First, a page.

Cheju Island, alternately known as Chejudo or Jejudo, is an oval-shaped volcanic landmass covering 1,845 square kilometers (712 square miles) off the southern tip of the Korean Peninsula. Geologists estimate the island’s age at 2 million years, and archaeological finds suggest that people have lived on the island since prehistoric times. Today, Cheju is both a tourist attraction and home to a United Nations Educational, Scientific and Cultural Organization (UNESCO) World Heritage site.
The Enhanced Thematic Mapper Plus on NASA’s Landsat 7 satellite captured this image of Cheju Island on April 6, 2000. In this photo-like image, cloudless skies allow a clear view of the island and the swirling blue hues of the surrounding waters. Urbanized areas, such as the capital city, Cheju, appear in shades of gray-beige along the island’s perimeter. Inland, a combination of natural vegetation, cultivated fields, and bare ground creates a patchwork of tan and green. The island’s dominant feature is Halla Mountain, a volcano whose last recorded eruption occurred in the year 1007.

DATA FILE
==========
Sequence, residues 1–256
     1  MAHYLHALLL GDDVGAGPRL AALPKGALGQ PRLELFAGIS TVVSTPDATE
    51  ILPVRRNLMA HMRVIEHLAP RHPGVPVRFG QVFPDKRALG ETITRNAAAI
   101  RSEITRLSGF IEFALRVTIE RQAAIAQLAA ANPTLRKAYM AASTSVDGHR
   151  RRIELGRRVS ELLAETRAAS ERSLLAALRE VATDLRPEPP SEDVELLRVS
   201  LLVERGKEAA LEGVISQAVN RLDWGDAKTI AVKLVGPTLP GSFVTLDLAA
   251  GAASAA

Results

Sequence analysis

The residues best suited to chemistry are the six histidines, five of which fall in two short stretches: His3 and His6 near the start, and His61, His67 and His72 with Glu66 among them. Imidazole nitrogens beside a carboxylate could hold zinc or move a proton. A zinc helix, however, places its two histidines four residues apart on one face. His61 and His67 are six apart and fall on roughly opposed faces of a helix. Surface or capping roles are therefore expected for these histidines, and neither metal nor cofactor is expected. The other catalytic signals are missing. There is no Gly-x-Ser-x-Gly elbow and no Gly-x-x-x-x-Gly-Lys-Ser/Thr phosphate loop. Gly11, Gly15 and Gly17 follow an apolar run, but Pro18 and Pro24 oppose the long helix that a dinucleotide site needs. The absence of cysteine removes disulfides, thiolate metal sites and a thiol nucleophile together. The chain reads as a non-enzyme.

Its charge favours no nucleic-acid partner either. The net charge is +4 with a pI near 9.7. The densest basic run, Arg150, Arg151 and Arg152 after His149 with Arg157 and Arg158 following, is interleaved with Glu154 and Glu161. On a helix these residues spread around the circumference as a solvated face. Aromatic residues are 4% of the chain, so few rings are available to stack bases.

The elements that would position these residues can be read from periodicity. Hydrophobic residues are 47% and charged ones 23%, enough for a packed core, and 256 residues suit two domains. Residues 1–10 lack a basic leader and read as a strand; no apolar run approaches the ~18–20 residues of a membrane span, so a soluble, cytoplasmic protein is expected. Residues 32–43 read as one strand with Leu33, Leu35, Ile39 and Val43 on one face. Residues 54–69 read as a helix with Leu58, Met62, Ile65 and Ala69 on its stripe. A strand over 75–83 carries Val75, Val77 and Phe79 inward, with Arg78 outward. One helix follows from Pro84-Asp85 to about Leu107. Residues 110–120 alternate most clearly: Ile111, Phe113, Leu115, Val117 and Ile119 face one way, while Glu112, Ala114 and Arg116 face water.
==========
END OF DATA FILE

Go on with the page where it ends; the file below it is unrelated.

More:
Halla Mountain is a shield volcano with a low, broad profile resembling an ancient warrior shield. It is one of the world’s few shield volcanoes located over a magma “hotspot” on a stationary plate of continental crust. Rising to a height of 1,950 meters (6,398 feet), Halla Mountain is the highest peak in South Korea, and the volcano’s crater holds a natural lake and numerous waterfalls. Lava tubes from the volcano have formed a network of caves complete with lava walls with carbonate rock formations. The rarity of these features combined with their instructiveness about volcanic processes has earned the site its World Heritage status.
Cheju Island is an oval-shaped volcanic landmass off the southern tip of the Korean Peninsula. The island’s dominant feature is Halla Mountain, a volcano that has been dormant since the early eleventh century.
Bouvet Island is known as the most remote island in the world; Antarctica, over 1600 kilometers (994 miles) to the south, is the nearest land mass. Located near the junction between the South American, African, and Antarctic tectonic plates, the island is mostly formed from a shield volcano—a broad, gently sloping cone formed by thin, fluid lavas—that is almost entirely covered by glaciers.